14:26 GMT06 May 2021
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    Mueller has so far indicted several dozen people since taking control of the probe into alleged Russian collusion with the Trump campaign in May of last year and has even received guilty pleas from a number of Trump’s former top officials. However, none of those indictments have been proven to have anything to do with the so-called Russiagate.

    A lawyer for a Russian company that has been investigated by special counsel Robert Mueller pointed out that the former FBI head has “collected a nude selfie” as evidence in his probe into the case.

    “Could the manner in which he collected a nude selfie really threaten the national security of the United States?”  Eric Dubelier, an attorney for Concord Management and Consulting, wondered, adding that Mueller’s team had illegally withheld information from the company.

    The company Concord is among the Russian legal entities and nationals that Mueller indicted earlier this year, accusing them of being behind a supposed "Russian troll farm's" effort to interfere in the 2016 presidential race.

    Special counsel Robert Mueller took control of the FBI’s Russia probe in May 2017, nearly a year after it was originally kick-started by now fired FBI head James Comey and Deputy Assistant Director Peter Strzok.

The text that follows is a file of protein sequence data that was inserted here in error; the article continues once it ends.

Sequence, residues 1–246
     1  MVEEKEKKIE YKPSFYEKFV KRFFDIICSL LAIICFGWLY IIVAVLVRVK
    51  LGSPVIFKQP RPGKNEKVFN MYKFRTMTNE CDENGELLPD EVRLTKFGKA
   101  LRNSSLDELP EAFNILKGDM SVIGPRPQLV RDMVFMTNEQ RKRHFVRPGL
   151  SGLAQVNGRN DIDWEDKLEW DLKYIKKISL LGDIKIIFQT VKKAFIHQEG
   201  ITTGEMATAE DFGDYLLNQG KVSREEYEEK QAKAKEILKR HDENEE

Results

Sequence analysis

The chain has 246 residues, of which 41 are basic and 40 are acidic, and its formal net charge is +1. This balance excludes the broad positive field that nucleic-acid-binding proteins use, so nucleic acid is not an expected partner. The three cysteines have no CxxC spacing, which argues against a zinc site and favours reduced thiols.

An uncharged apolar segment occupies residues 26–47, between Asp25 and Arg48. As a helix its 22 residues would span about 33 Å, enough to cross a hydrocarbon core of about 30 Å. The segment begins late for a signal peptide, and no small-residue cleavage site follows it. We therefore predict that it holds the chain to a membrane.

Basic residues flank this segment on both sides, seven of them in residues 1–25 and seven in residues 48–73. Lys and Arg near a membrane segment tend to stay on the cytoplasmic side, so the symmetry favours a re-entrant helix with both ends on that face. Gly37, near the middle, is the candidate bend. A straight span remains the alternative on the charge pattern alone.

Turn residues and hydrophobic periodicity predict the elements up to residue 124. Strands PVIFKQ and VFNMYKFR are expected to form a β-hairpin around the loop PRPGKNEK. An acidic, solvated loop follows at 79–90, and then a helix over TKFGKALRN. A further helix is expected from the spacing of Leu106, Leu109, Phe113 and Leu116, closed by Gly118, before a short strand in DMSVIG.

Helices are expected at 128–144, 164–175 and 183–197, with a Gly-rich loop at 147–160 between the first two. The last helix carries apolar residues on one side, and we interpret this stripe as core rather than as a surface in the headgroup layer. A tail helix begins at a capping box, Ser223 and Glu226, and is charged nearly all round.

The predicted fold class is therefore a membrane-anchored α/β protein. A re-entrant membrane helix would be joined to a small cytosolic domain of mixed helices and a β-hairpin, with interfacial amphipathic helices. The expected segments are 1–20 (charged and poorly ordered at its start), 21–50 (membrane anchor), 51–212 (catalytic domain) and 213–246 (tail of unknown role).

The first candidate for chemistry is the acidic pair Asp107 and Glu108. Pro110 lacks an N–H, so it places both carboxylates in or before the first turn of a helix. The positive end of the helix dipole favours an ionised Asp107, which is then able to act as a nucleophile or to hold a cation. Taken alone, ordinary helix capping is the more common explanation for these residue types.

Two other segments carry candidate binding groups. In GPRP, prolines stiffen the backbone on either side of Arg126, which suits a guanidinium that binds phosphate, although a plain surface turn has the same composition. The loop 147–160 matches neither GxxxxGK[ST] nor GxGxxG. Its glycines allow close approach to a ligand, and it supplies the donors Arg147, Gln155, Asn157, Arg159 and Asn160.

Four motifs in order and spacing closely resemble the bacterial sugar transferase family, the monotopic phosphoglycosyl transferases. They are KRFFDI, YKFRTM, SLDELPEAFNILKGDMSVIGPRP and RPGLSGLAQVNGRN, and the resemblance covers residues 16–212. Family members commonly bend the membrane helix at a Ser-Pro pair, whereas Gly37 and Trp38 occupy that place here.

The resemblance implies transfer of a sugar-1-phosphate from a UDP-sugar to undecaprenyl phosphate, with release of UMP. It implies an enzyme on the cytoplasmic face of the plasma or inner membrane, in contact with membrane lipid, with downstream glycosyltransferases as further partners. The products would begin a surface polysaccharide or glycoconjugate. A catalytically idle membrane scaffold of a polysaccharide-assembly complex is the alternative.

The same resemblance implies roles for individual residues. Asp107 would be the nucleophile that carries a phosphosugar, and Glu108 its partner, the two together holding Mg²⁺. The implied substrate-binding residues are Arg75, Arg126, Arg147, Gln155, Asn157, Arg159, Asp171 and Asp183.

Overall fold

To date, in the investigation that Trump has billed more than once “a despicable witch hunt”, Mueller has secured charges against 33 individuals, including Russians, who will not face trial since the US and Russia don’t have an extradition treaty. Meanwhile, three top Trump campaign staffers have pleaded guilty in the case: former manager Paul Manafort, Trump’s former National Security Advisor Michael Flynn, and Trump’s long-time attorney Michael Cohen. George Papadopoulos, one of the campaign foreign policy advisors, has also issued a guilty plea.

    READ MORE: Stone's Associate Sues Mueller for Alleged Illegal Leaks, Surveillance — Reports

    The convictions, however, have failed to fall under the primary mandate of Mueller's probe, namely looking into "any links and/or coordination between the Russian government and individuals associated with the campaign of President Donald Trump". The allegations have thus nothing to do with collusion by the Russian government, which has been vehemently denied both by Trump and Moscow.

    The Kremlin called the allegations "absurd", going on to state that it never colluded with either candidate and never meddled in the US elections. Special Counsel Robert Mueller is investigating alleged Russian interference in the 2016 US presidential election, as well as accusations of coordination between Moscow and the Trump team.

    The Special counsel’s investigation is reported to be drawing to a close, with sources recently telling NBC News that Mueller will get ready with his confidential report by mid-February. "They clearly are tying up loose ends”, a lawyer said to be in contact with the special counsel's office told the media outlet.


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